Religious groups in Ottoman Jerusalem tended to conduct their own affairs and administer their institutions with little interference from the government. Although the system of millets (autonomous communities, organized on an empire-wide basis throughout the realm) was not fully formed and so named until the nineteenth century, its essence in local administration could be observed as early as the sixteenth. Christians and Jews suffered from a number of discriminatory laws and in a sense were second-class citizens. But they had a recognized status in society and to a certain degree could rely on the protection of the law.
The holy places
The Jerusalem question in its modern form first emerged as a byproduct of the slow meltdown of the Ottoman Empire. Its central feature in its first phase was the struggle over the Christian holy places. Although French traders appeared in the coastal plain in the early seventeenth century; trading links with Europe and other external influences remained minimal until the late Ottoman period. Nevertheless, the beginnings of international, that is primarily Christian, diplomatic interest in Jerusalem can be traced as far back as the first years of Ottoman rule. Among the earliest firmans (decrees) issued by Sulayman I were several guaranteeing the rights and privileges of Christians. A firman of 1521, for example, dispatched to the governor of Jerusalem, states that `the community of religious and other kinds of infidel currently residing in Jerusalem' have complained `that certain individuals have been oppressing and overly interfering with them, preventing them from following their ceremonies according to their ancient custom'. The governor was ordered to look into the matter and prevent such harassment in the future.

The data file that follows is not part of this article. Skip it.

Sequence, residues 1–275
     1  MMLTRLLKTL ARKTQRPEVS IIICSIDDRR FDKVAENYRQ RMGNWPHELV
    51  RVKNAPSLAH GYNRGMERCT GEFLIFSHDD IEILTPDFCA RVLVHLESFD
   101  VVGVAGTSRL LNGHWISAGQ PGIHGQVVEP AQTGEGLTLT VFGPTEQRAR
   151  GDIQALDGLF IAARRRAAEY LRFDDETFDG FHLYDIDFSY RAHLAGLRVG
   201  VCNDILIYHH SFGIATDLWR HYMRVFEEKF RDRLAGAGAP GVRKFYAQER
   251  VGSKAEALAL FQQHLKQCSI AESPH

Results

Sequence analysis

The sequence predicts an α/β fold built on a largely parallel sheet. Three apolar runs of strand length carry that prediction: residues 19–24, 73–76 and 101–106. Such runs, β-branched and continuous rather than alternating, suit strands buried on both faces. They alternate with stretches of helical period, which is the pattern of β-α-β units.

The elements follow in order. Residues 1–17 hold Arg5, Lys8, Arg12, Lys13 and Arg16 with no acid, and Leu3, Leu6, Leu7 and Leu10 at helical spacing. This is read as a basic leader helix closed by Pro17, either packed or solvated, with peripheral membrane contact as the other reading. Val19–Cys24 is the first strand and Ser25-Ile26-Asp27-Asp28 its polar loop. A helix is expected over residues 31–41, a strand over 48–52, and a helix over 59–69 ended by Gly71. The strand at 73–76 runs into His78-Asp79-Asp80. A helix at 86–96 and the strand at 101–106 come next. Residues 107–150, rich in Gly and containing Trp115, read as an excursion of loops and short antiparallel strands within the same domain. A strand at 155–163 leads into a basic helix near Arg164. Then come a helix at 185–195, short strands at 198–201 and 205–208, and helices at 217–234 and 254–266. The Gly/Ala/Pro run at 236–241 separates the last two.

The object of the central government seems to have been the natural one of maintaining civil order in an area of mixed religious population, this at a time when the Ottomans were still taking their first steps towards administrative absorption of their new provinces. Yet even at this early stage external as well as internal influences played a role. Succeeding firmans go some way towards clarifying the nature of the nuisances allegedly suffered by Christians, the identities of victims and perpetrators, and, most importantly, the process by which such disputes came to the attention of the Sultan. A firman of 1525 notes a complaint that Christians in the Convent of Zion had been forcibly expelled from quarters and gardens they had long occupied. Another, of 1528, reports that the Venetian bailiff (diplomatic representative) at the Ottoman court had sought imperial intervention in favour of Latin Christians in the Church of the Holy Sepulchre, whose rights were being interfered with by Georgians. The following year we hear of `certain individuals of the Arab nation' said to be bothering priests; and in 1536 we learn that the Venetian envoy had again intervened, this time accusing `a Jew named Salomon and certain Christian hangers-on of the Georgian nation' of `molesting and bothering' Latin Christians at the Convent of Zion. They were even said to be carrying away marble-work and columns from the Church of the Holy Sepulchre and other Christian sites. No more is heard of the Jew Salomon but the theme of internecine Christian conflict remained audible throughout the next four centuries.
The very frequency of firmans enjoining the local governor to prevent such vexations is evidence that they continued — or, at any rate, that disputes remained unresolved. Out of such diplomatic representations arose the treaty system known as the Capitulations. The first capitulatory treaty was an agreement between Sulayman and King Francis I of France in 1535 whereby French merchants were granted certain privileges in the Ottoman Empire. That treaty did not mention Jerusalem or the holy places. But in 1542 France and Turkey signed a formal treaty of alliance and, during the long war of the Turks against the Holy Roman Emperor and Venice, the French took over from the Venetians the role of protectors of the Latin Christians in the Holy Land. In 1572, after the Battle of Lepanto, in which the Turks suffered a crushing naval defeat by the allied Christian fleet of Don John of Austria, the Franciscans in Jerusalem were arrested and taken as prisoners to Damascus. It was the intervention of the king of France that secured their release.